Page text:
Skip to main content

The deaf community and COVID-19 - the challenges faced

blackboard with lightbulb on

Alison from Communication Unlimited in #Derby was interviewed on BBC Radio Derby on Sunday about how the current crisis, in particular the wearing of face masks affects people in the #deaf community - of which Derby has the second largest outside London. Alison's interview highlights some very practical problems that deaf people face and how hearing people can help to alleviate those problems.

BBC Radio Derby Iinterview with Alison Jones -Sunday 31 May 2020

INTERVIEWER: Socially distancing and wearing masks in public places is expected to become more of a norm in the Uk as we learn to live with covid and slowly leave lockdown. Derby has the biggest sign language population outside London and this can cause an even bigger problem when trying to communicate. How difficult is covid and lockdown if you’re deaf and have there been any positives to all this. Alison Jones is from Communication Unlimited in Derby who provide BSL Interpreters to deaf people. She’s been speaking to me through an Interpreter

ALISON: The biggest challenge is the access to information because my first language is British Sign Language not English, so that of course means that a lot of the information that’s coming through on the radio I can’t access. Newspapers are fine but often the information is changing so quickly so that is often out of date. Things like Facebook and social media, I’m relying on this other person’s interpretation of that information and every single day obviously we have had the government briefings, but there is no interpreter. I’m relying on the subtitles. I sort of start to doubt because I have to read it in English, process it and take in all the information all at the same time. So then when I am talking to my friends, we realise that we have all interpreted the news differently. Then we doubt ourselves as to who has the right information. We have had a lot of deaf people calling in, they often say “am I allowed to do this or that, or to go out. Am I actually allowed to go into my own garden?” We can’t access the information that everyone else can. We’ve made our own Facebook videos because I just knew that the other deaf people in the community of Derby don’t have that information.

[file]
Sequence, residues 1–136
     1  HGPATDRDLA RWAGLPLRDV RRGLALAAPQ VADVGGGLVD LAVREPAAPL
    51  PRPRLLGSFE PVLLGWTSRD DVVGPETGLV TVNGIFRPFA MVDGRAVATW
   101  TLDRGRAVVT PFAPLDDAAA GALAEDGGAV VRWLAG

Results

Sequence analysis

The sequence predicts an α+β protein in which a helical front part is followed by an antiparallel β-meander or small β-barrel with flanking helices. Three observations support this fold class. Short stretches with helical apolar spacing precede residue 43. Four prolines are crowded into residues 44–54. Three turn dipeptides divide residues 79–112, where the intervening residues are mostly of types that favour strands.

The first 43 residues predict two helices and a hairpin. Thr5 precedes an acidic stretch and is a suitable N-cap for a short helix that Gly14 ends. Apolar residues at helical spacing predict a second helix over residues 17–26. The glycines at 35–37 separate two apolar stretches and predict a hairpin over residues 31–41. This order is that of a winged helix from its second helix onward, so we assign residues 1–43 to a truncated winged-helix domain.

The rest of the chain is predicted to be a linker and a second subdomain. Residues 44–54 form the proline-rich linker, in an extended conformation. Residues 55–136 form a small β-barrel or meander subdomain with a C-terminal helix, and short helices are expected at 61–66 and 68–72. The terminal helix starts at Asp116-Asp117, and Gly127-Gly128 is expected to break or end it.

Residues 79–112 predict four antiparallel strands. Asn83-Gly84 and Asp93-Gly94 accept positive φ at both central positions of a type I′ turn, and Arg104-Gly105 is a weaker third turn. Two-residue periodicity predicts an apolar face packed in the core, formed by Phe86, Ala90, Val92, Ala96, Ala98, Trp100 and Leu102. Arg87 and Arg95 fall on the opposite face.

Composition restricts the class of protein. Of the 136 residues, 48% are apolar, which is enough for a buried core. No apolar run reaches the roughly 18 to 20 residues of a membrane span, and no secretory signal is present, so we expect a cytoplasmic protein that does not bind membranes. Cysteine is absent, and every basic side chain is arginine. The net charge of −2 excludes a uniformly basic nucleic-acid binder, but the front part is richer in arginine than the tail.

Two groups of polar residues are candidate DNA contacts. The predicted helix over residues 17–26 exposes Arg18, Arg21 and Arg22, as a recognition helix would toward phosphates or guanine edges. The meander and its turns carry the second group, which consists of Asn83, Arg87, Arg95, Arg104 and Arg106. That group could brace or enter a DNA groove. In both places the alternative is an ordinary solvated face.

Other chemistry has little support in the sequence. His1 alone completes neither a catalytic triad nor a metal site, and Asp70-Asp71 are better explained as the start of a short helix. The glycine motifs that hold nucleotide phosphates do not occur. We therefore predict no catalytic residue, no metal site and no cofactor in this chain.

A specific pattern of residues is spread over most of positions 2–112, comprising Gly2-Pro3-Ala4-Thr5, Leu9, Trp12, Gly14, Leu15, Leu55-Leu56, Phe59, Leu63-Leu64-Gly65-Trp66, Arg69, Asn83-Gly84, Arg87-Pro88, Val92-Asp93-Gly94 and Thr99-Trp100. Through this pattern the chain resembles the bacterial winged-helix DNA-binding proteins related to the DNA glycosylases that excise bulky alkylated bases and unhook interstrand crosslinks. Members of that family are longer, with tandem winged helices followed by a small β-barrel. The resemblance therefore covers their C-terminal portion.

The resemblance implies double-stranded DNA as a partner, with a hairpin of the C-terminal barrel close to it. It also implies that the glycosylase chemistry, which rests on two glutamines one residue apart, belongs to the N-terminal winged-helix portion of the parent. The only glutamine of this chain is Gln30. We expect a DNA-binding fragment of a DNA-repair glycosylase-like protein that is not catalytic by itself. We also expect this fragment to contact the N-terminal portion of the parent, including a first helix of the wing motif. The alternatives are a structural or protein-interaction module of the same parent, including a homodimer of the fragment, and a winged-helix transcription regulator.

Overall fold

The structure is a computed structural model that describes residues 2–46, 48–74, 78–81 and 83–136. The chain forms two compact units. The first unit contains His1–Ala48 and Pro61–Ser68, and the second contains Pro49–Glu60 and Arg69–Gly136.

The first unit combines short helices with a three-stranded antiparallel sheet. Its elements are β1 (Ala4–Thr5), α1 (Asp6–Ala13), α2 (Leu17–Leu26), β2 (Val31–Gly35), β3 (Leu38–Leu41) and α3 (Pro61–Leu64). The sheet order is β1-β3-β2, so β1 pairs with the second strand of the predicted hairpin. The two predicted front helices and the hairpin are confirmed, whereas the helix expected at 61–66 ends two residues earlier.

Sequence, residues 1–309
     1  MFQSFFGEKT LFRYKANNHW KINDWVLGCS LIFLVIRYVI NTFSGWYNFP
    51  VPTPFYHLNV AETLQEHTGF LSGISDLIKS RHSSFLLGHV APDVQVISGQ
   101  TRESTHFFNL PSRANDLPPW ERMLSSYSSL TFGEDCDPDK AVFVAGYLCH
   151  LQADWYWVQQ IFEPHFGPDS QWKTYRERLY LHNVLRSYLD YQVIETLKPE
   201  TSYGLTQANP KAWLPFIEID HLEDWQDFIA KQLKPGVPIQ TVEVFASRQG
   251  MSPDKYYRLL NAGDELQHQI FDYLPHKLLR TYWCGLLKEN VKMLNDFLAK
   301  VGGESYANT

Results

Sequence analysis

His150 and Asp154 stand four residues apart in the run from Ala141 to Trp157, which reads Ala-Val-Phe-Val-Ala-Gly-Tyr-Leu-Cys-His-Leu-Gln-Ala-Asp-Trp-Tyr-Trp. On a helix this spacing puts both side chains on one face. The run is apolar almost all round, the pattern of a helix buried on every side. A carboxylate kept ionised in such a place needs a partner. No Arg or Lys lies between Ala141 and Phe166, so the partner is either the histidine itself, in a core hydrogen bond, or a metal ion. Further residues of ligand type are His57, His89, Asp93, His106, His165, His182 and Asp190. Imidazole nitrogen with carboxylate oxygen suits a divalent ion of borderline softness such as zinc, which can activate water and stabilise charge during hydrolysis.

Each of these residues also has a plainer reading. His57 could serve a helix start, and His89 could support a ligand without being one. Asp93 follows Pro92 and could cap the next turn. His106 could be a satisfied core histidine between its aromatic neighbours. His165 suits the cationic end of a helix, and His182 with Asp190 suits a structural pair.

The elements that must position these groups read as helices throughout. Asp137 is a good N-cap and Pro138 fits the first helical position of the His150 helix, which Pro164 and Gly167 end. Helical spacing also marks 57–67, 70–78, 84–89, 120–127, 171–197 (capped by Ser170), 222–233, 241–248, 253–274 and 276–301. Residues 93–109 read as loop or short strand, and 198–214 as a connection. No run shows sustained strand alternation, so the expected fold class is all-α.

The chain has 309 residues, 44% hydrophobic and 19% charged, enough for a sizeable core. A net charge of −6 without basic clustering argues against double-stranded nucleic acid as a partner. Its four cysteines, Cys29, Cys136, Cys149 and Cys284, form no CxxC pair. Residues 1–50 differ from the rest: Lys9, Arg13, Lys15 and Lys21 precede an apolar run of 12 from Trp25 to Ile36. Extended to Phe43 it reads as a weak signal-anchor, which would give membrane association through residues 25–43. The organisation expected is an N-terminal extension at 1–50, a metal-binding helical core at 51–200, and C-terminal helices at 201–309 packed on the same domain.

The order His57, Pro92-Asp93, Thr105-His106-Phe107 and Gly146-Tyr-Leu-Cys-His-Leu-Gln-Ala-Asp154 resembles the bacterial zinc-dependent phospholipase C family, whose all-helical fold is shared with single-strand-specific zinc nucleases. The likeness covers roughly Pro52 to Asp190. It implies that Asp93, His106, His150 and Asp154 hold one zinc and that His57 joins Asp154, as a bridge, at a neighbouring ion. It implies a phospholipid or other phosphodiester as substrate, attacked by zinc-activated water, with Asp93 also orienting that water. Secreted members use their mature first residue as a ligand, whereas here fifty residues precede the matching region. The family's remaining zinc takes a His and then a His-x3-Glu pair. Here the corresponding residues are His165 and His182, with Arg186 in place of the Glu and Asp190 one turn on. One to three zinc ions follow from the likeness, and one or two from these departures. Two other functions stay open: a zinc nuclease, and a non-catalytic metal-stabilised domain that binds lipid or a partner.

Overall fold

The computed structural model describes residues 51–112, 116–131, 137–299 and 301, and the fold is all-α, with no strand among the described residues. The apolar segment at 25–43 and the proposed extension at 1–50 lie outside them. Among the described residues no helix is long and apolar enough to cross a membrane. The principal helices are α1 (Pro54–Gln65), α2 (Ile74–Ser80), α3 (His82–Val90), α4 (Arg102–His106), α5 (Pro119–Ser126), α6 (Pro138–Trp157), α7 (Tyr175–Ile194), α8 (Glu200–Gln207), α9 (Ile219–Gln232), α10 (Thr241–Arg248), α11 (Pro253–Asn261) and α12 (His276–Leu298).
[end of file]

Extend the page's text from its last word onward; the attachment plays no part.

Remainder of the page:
INTERVIEWER: Alison, what is day to day life like for you, a lot of people now wearing face masks?

ALISON: It’s absolutely terrifying, cos I don’t know what they are saying to me, and all I can see is the face mask moving with their breath. So I am constantly on edge thinking who is talking towards me. I understand that people who work in shops are nervous themselves, but I went into one supermarket myself, I went down the wrong aisle in the wrong direction and a woman approached me screaming and shouting and I thought oh I didn’t know what was going on, cos I didn’t know what she was talking about. I just had to sort of hurry up quickly do my shopping and just leave. Also I’m looking for maybe 1 or 2 things in the shop for example, I probably would type this item on my phone, or write it down on a piece of paper, but normally now I’m trying to approach them but they run a mile, but I’m thinking I’m just trying to show you what I need. So in the end I couldn’t buy that thing that I needed.

INTERVIEWER: Do you think that the rest of the shoppers, the rest of general population should be a little bit more understanding?

ALISON:  I think especially in Derby with having the second largest sign language community in the UK outside of London, the shops and things like that they should all be much more deaf aware. People don’t necessarily think with the masks and things, but they could all probably use gestures or just simple things like that, or even writing down things on information using signage a bit more. Personally I do worry that maybe there are 1 or 2 isolated people out there that I’m just hoping that somebody can help them out there.

INTERVIEWER: We’ve seen recently someone’s designed face masks with a clear part at the front to be able to help hard of hearing and deaf people lip read a little bit more. Should we be a bit more thoughtful, do you think?

ALISON:  I think that should be something that is used all of the time. Pre coronavirus, things like dentist appointments, they often wear those masks anyway, I can’t communicate with my dentist. I have to constantly remind them over and over again to pull their mask down in order for me to be able to communicate with them effectively. So if it became the norm for everybody to wear the masks with the see through window in the middle of it, that would reduce so much stress and difficulties in the deaf community. But not just for the deaf community, people with additional needs, they might rely on facial expressions or find a smile quite comforting, I do think the positive side, to move aside from the negative, like a lot of deaf people, we do have a lot of zoom calls, we’ve been playing lots of deaf quizzes for example. So I do think we have had that sort of unity come back if you like and I think it strengthens our connections and our social networks. We’re chatting, we’re getting to catch up more, a lot of us do have hearing families, so we may be the only deaf person in a hearing family for example using zoom and things like that, maybe something like Microsoft Teams, they’ve got subtitles so they have that option. So if you were to communicate with hearing family members for example, that subtitling gives us that access to what they are saying, so that’s a real big bonus.

INTERVIEWER: Alison Jones and her Interpreter from Communication Unlimited in Derby.